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Mat Pember

Mat Pember

Founder Little Veggie Patch Co
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A mini guide to springtime planting

Guides — Posted 30/09/13

The Veggie Patch Co.’s Mat Pember gives our green thumb a helping hand.

You can feel it, smell it, even taste it in the air - spring is most certainly here and everything is going to be ok. If you let the winter garden slip, now is the perfect time to make a comeback.

What to plant

Below is a snapshot of what to plant in spring. For those curious about whether to plant from seed or from seedling, marked alongside each of the varieties is how we'd go about it. S stands for seedling, SP is from seed - propagated and then transplanted when ready - and SD is from seed directly in the patch.

Of course the form you plant them will vary from person to person; depending on the micro-climate of your garden and your planting plan. Here we go…

Asparagus (S or crowns; a crown is a developed root system)

Artichoke (S)

Basil (SP)

Beans (SP)

Beetroot (SD)

Berries (adolescent plants)

Bok Choi (S)

Carrots (SD)

Capsicum (SP)

Celery (S)

Cucumber (SD)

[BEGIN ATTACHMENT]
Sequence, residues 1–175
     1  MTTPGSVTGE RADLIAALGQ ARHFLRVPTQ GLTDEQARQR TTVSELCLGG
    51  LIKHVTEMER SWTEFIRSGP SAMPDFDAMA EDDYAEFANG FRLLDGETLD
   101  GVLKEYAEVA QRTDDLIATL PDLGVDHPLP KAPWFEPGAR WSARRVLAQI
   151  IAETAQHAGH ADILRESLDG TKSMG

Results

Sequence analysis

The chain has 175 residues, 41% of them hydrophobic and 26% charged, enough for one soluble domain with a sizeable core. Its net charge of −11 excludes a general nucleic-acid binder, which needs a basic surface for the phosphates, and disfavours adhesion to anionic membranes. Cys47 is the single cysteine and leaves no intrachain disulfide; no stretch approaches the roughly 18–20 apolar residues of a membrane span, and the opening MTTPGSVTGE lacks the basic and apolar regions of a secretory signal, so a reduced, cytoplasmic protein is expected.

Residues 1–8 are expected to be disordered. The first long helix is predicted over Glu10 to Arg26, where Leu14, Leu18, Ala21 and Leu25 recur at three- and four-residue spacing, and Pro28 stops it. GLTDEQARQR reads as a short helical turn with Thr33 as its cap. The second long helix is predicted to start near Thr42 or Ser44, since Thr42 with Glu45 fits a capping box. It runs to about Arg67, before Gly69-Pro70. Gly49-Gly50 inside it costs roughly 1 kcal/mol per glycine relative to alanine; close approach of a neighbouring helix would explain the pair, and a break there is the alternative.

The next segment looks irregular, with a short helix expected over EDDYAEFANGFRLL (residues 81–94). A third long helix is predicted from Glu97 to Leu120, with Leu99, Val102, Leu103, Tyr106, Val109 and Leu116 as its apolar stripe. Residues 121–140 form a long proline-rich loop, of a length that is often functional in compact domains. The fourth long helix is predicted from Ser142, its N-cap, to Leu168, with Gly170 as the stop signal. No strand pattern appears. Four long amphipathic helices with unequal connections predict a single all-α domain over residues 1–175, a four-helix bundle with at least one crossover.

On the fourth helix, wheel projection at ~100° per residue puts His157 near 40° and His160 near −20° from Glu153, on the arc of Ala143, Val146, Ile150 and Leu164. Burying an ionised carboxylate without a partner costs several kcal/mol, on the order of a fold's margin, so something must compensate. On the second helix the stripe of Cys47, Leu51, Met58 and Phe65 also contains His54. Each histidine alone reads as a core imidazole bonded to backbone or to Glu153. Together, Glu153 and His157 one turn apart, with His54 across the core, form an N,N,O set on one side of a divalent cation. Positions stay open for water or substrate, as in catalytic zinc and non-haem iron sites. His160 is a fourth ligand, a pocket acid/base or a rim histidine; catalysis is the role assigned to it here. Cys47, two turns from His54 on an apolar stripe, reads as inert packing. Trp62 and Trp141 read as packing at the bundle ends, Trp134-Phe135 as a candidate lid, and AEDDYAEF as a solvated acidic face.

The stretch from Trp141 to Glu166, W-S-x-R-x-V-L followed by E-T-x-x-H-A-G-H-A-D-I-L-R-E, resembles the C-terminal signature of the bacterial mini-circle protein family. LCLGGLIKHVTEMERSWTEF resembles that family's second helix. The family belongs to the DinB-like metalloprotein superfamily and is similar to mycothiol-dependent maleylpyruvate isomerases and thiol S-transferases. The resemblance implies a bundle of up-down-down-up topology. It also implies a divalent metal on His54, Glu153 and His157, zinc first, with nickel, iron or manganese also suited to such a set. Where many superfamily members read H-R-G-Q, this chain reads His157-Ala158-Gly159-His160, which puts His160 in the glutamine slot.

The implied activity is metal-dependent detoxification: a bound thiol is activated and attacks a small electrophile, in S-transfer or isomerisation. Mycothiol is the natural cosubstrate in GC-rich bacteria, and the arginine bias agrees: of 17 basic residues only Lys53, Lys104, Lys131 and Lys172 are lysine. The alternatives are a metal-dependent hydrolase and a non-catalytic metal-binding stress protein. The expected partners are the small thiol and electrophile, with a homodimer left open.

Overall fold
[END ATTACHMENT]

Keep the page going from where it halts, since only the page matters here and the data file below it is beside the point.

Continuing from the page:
Chilli (SP)

Eggplant (SP)

Fruit Trees (adolescent trees)

Herbs (all) (S)

Lettuces (all) (SP, SD, S)

Pak Choi (S)

Pumpkin (SD)

Radish (SD)

Rocket (S)

Silverbeet (S)

Spinach (S)

Spring Onions (S)

Strawberry (S)

Squash (SD)

Tomato (SP)

Zucchini (SD)

Companion planting

Working in confined urban spaces, it’s important to make your patch as productive as possible and so a little companion planting is recommended. It’s no secret that everyone loves growing tomatoes and basil come spring, and thankfully they are a match made in Italian heaven. Plant your basil at the base of the tomato (about 15-20cms from the stem) and they will spur each other on to greatness. Other good matches include climbing beans with sweet corn, eggplant and cucumber and strawberries with spring onions.


Being spring, the weather can be erratic at best, with warm days thrown in between sharp reminders of winter, so your watering plan should be malleable to what gets thrown up. Get into the good habit of watering first thing in the morning rather than late in the day, allowing the plants to use water as they require it. This will also help alleviate a number of pest and disease problems that flourish if the garden is allowed to stay damp at night. Remember that young seedlings will need frequent, short watering. As they develop, cut back on the frequency but increase the volume of water you give them.

Boom! Now get gardening!

If this all sounds too hard, come down to our nursery and we can explain it to you in Layman’s terms or perhaps join our online club (coming soon) that dummies it down to a bearable level.

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